Are Shorter Workweeks the Way of the Future?

September 29, 2016

Fostering an environment that promotes a solid work-life balance has been a goal of progressive employers for years. The average American employee works more hours per week and takes less time off than employees in other developed countries. These grueling workweeks can lead to employees getting “burnt out,” causing them to be less productive and efficient. In order to combat burnout, many employers have started to experiment with different workweek structures, such as compressed workweeks or overall work hour reduction.

Some employers have implemented compressed workweek policies in which employees work 40 hours over three or four days, as opposed to the normal five. These schedules enable employees to work a normal amount of full-time hours while having the ability to enjoy a longer time off during the weekend.

Other employers have taken a very different approach by reducing the total amount of hours an employee works from 40 to 30. Hour reduction can either result in shorter workdays or shorter workweeks, providing employees with more flexibility than a typical 9-to-5.


Burnout occurs when employees overwork themselves to the point of both physical and mental exhaustion. Even the most dedicated employee, or someone who simply loves his or her job, can experience burnout. Not only does this affect the individual employee and his or her family, but it can also cause a huge detriment to the employer.

Stressed, exhausted employees may fall behind in their duties or produce sub-par work, costing employers extra time and effort in order to catch up or remedy poor performance. Additionally, burnt out employees can cause employers to pay higher healthcare costs, since stress and exhaustion often lead to an increase in physical illness. For more information on the causes and cures of burnout, see our Blog Post, Workplace Insights – Avoiding Burnout.

Currently, employers are experimenting with two approaches for altering a workforce’s normal workweek structure: (1) the compressed workweek, and (2) overall hour reduction.

Compressed Workweeks

Having a compressed workweek reduces the number of days that an employee works while increasing the amount of hours he or she works per day. In these situations, the employee still works a full 40 hours. Generally, employers allow for a four-day workweek as opposed to five, with employees working 10 hours each day; however, there are some employees who are on three-day workweek schedules, working an average of 12 hours per day.

Longer work hours enable employees to focus on single tasks for longer periods of time without interruption. Additionally, employers who have experimented with compressed workweeks have noted that their employees work faster and are more focused on their tasks.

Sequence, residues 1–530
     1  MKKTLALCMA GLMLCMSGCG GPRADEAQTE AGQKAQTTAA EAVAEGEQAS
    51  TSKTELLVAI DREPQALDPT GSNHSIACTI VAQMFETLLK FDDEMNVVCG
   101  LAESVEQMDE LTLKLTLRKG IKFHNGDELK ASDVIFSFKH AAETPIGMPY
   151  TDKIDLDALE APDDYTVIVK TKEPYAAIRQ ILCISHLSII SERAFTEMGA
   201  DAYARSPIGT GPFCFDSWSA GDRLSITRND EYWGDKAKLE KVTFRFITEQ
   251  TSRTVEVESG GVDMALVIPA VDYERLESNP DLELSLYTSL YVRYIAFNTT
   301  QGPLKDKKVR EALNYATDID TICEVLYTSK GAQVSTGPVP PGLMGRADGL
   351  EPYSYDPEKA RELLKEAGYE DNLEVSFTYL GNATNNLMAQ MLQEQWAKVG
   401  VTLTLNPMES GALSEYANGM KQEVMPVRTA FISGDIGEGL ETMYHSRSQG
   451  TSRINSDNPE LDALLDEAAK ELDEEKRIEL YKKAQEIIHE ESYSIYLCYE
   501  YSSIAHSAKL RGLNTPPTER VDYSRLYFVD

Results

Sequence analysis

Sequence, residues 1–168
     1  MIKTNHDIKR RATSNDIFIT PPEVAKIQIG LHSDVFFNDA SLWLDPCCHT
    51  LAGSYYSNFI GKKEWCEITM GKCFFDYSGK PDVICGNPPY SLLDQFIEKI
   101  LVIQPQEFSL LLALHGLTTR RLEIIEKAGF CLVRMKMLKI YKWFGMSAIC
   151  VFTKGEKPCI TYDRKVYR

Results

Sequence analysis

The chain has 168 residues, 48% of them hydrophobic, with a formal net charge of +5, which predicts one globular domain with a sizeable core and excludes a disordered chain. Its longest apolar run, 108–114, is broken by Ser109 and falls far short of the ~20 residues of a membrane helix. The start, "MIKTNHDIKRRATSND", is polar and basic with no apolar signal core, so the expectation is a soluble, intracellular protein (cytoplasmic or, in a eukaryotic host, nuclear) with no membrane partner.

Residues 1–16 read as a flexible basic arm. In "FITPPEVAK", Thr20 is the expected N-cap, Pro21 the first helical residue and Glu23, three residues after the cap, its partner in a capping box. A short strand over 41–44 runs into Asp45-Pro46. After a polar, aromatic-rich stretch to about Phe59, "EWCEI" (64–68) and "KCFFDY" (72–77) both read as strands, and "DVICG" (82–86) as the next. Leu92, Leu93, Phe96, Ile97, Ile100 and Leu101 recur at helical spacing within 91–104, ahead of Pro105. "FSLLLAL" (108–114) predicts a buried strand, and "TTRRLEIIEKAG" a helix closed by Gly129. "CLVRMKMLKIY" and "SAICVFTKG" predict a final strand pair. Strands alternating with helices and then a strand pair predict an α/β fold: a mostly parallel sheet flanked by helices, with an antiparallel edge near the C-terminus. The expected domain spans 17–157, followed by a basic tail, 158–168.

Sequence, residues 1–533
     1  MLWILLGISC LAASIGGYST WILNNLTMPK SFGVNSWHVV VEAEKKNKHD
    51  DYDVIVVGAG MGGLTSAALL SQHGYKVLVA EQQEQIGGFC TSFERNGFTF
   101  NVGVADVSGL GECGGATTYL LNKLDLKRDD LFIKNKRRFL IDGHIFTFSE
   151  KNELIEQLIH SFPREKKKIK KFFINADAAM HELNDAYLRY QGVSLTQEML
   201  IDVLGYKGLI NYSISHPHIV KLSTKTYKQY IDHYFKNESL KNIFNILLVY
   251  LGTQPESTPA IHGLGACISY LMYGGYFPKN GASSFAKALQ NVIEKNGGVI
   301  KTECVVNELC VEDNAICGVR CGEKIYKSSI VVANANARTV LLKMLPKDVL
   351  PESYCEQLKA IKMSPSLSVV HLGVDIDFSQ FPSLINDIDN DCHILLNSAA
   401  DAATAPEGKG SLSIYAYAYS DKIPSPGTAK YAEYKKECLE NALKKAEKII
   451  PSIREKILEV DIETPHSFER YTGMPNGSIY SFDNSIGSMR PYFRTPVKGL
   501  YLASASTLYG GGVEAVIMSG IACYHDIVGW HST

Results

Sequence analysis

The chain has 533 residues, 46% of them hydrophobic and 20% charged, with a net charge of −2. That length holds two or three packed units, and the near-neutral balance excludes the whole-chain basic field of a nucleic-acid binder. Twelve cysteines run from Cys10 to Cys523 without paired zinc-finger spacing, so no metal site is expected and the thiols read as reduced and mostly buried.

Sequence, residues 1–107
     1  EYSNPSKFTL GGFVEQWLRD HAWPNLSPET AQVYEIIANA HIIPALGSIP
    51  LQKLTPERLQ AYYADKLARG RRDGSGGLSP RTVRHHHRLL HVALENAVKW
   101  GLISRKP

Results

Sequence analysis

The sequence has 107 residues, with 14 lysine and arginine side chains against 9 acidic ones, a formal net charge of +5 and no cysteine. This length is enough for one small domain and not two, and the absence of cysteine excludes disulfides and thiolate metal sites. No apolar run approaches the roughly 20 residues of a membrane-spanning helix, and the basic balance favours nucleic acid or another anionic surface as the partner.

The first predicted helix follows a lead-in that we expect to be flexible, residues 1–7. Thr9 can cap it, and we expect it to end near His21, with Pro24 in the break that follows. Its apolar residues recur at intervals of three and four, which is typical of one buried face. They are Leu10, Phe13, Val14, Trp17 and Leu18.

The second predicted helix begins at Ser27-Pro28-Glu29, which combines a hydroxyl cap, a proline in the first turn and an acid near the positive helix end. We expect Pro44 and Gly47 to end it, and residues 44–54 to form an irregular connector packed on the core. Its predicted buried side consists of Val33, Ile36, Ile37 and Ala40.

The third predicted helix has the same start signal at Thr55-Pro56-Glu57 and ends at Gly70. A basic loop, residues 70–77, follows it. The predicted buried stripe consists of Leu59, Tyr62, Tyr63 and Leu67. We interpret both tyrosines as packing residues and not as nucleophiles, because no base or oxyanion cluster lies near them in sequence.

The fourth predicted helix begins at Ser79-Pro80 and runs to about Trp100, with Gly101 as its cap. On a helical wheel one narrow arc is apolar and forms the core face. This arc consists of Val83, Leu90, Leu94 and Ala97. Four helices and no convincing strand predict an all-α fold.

Compressed workweeks can create issues, especially for smaller employers, when one employee calls out sick; however, some employers noted a decrease in the amount of sick days their employees take when on a compressed schedule. Many employers who provide compressed workweeks claim that the complications with employees calling out are “worth it” when they consider how beneficial the schedule is not only for productivity, but also for obtaining and retaining talented employees.

Reduced Work Hours

Workweeks that provide for an overall reduction in hours have been growing in popularity over the past years, even with larger employers like Amazon, which recently announced its new “Part Time Team Initiative.” On these schedules, employees’ hours are reduced, generally to 30 hours per week.

Reduced work hour schedules provide some of the largest amount of flexibility. They enable employees to work shorter weeks, shorter days, or a combination of the two. Amazon’s new program requires participating employees to work specified hours from Monday through Thursday, which add up to 16 hours, the remaining 14 hours are then completed at the employees’ convenience throughout the week.

Studies have found that productivity either plateaus or declines after more than five or six hours of focus. Because of this, employers who allow their employees to work shorter daily hours have seen an increase in productivity and overall quality of work. Additionally, these employers believe that reduced hours make their employees happier and more productive, as well as help recruit and retain skilled employees. 

Legal Considerations

Although altering the standard workweek can have major benefits for both employees and employers, it also presents legal considerations that employers must take into account before making any final decisions.

Some states, including California, require employers to pay overtime to employees who work more than eight hours in a single day, rather than only requiring overtime for employees who work more than 40 hours per week. Additionally, other states, such as New York, may have “spread of hours” laws that require extra payment for non-exempt employees who work more than 10 hours from the start of their shift to the end, including all break and meal periods.

In implementing reduced work schedules, employers will face the daunting task of determining whether reduced hours change an employee’s status from full-time to part-time. Combined with this task is the determination of salary and whether or not these employees will be eligible to receive benefits, and if so, which ones.


While a 40-hour workweek may work for some, for others it is causing increased quality and health issues. As the average person’s lifespan continues to increase, the need to prevent early out is more important as ever. Prudent employers should take a serious look at their workforce in order to determine whether a compressed or reduced hours schedule would benefit their employees, and subsequently benefit their operations.

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